The planned raised island median will drastically change the traffic flow at the intersection of Highway 515 and Antioch Church Road in Talking Rock.
Despite vocal public opposition, construction of a raised island to change the traffic through the intersection of Antioch Church Road and Highway 515 is “not a question of if, but when,” according to Georgia Department of Transportation officials.
“It will certainly be funded,” said GDOT Communications Officer Mohamed Arafa. “This project is much needed to reduce the crash frequency and severity along the SR 515 corridor at Antioch Church Road.”
Funding for construction of the forced u-turn median (Restricted Crossing U-Turns or “RCUTs”) is scheduled for Fiscal Year 2020, but if money becomes available “GDOT may put this important project out for bidding in 2018,” Arafa said.
GDOT’s plans call for a raised island across the median that will prevent motorists from turning left to access or exit the four lane or from driving across all four lanes of Highway 515 to go straight on Antioch Church Road. Plans call for new u-turn lanes a short distance from the intersection in north and southbound lanes. Drivers will be required to pass the intersection and make a u-turn to access Antioch Church Road on the opposite side of the highway.
Estimated construction cost is close to $1 million.
Jasper Mayor John Weaver said GDOT has asked the city to check on utilities at the intersection in anticipation of the project, but he is not happy with the decision to move forward.
“I don’t like this plan at all,” Weaver said. “That intersection has lots of potential for commercial growth and they are killing it. This is going to really impact Talking Rock, and it’s not making it any safer in my opinion. Now you’ve got two dangerous spots. Drivers are going to have to get into a decel lane, make a u-turn and pull into oncoming traffic.”
Weaver proposed an alternative solution to address problems at that intersection as well as the dangerous intersection of Highway 136 and Highway 515. He suggested that motorists travelling southbound on Highway 136 who want to access Highway 515 not be allowed to use the access spur. In this scenario, drivers would take Highway 136 all the way to the Antioch Church Road intersection, then make a right onto Antioch Church Road and access Highway 515 from there.
“It’s something to look at,” Weaver said. “It would make this prime commercial area at that intersection and you wouldn’t have those big trucks crossing at 136. It’s like rabbits crossing the road.”
At the public hearing in January, Mayor Weaver also spoke in favor of a traffic signal. He said it would help create an “economic boom” for Talking Rock because motorists stopped at the light while travelling north to the mountains would see signs for antique stores and other businesses.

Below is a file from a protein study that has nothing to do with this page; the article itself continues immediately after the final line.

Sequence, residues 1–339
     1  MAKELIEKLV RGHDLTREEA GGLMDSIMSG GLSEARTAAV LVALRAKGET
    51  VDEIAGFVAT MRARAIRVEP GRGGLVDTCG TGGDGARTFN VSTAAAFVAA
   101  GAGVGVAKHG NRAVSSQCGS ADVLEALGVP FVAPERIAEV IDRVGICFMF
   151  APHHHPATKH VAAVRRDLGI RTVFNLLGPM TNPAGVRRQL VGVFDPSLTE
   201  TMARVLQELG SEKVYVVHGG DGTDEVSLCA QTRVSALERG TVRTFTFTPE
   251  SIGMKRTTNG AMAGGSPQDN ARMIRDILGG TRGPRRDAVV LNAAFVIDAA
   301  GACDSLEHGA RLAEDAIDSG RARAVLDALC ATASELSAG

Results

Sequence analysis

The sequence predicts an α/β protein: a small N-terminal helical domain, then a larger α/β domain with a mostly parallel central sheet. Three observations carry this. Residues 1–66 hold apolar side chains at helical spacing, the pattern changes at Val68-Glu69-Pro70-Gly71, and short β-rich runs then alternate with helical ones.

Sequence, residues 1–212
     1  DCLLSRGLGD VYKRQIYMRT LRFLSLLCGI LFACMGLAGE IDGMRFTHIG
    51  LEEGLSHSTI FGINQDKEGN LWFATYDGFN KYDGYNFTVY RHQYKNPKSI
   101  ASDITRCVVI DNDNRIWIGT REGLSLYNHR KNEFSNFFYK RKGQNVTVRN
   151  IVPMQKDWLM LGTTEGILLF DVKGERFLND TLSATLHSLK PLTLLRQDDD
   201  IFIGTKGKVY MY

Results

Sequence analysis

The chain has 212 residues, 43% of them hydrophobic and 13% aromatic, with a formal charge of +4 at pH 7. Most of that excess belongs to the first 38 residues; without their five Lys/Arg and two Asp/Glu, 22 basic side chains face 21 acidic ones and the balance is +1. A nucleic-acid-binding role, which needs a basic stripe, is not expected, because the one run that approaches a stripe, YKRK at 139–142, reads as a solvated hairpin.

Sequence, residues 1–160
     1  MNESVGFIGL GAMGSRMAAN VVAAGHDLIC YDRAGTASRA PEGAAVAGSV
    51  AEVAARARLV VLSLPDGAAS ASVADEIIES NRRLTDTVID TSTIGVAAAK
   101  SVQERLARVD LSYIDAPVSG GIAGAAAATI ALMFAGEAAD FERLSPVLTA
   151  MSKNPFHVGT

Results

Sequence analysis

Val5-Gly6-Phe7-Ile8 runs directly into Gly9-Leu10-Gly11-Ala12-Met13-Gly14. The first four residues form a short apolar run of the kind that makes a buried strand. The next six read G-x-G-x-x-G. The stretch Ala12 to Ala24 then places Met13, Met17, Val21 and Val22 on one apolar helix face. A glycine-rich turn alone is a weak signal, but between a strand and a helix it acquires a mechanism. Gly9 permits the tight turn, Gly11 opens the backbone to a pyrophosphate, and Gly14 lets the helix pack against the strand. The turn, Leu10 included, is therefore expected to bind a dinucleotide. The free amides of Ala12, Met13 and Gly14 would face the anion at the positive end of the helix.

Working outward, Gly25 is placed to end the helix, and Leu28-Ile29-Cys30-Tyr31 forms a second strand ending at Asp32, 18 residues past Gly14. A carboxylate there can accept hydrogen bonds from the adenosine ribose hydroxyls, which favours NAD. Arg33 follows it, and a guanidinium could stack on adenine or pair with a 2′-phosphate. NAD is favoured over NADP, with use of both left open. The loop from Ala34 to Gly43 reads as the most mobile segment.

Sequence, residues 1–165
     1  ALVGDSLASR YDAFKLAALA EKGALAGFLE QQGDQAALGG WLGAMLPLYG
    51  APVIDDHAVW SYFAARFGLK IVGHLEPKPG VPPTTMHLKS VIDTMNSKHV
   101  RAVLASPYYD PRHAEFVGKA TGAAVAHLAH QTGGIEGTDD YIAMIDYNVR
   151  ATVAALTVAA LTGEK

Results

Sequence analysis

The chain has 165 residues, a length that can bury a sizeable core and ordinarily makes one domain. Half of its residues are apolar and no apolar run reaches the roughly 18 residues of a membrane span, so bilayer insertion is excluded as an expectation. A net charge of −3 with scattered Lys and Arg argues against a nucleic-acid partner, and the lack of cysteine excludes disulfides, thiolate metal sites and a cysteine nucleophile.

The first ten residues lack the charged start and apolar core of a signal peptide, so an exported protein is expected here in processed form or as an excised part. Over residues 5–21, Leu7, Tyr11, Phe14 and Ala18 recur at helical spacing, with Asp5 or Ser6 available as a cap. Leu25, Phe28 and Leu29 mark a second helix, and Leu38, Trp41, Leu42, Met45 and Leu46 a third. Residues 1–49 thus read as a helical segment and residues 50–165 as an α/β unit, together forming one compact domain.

GDOT made the RCUT project a top priority after the intersection was identified in the 2005 Pickens County Transportation Study as having the fifth highest collision rate in the county. The intersection has had three fatal crashes in a decade - a GDOT engineer at the January hearing said it is rare to see two fatal crashes at an intersection in a 10-year period. The agency’s analysis of the last three years of crash data indicated that this intersection experiences frequent right angle-crashes that resulted in 19 injuries. Of the eight right-angle crashes, five were correctable through the installation of the RCUT intersection, Arafa said.
According to GDOT data the RCUT reduces “conflict points” – or places where two vehicles can intersect and crash - from 48 in a conventional intersection to 24.
The project got the green light just over a year after residents and business owners of Talking Rock expressed vigorous opposition at a meeting in January 2016. GDOT held a second public hearing in November, which produced equally as vocal opposition.
“This will kill this little community,” one business owner said. “It doesn’t have a lot of growth. Whoever has a business here is gonna lose it.”
Talking Rock city council responded to the public outcry by having their attorney draw up a petition residents could sign.
Many members of the public said they would like to see a red light at the intersection, but GDOT said the intersection does not have enough traffic volume to warrant a signal.
When asked how GDOT justified moving forward with the project despite such vehement public opposition, Arafa said, “Yes, some residents may not favor this type of improvements to this particular intersection, but there are more in support of it. Sound engineering and research also indicate that by rerouting minor street left-turn and through movements to a median U-turn crossover, the RCUT intersection will provide operational and safety advantages over a conventional intersection.”
Mayor Weaver disagreed that there are more people in support of the project than not.
“That’s just not true,” he said. “I haven’t heard one person at those meetings say they like the idea. This is a case where you’ve got people down in Atlanta making decisions, not local people.”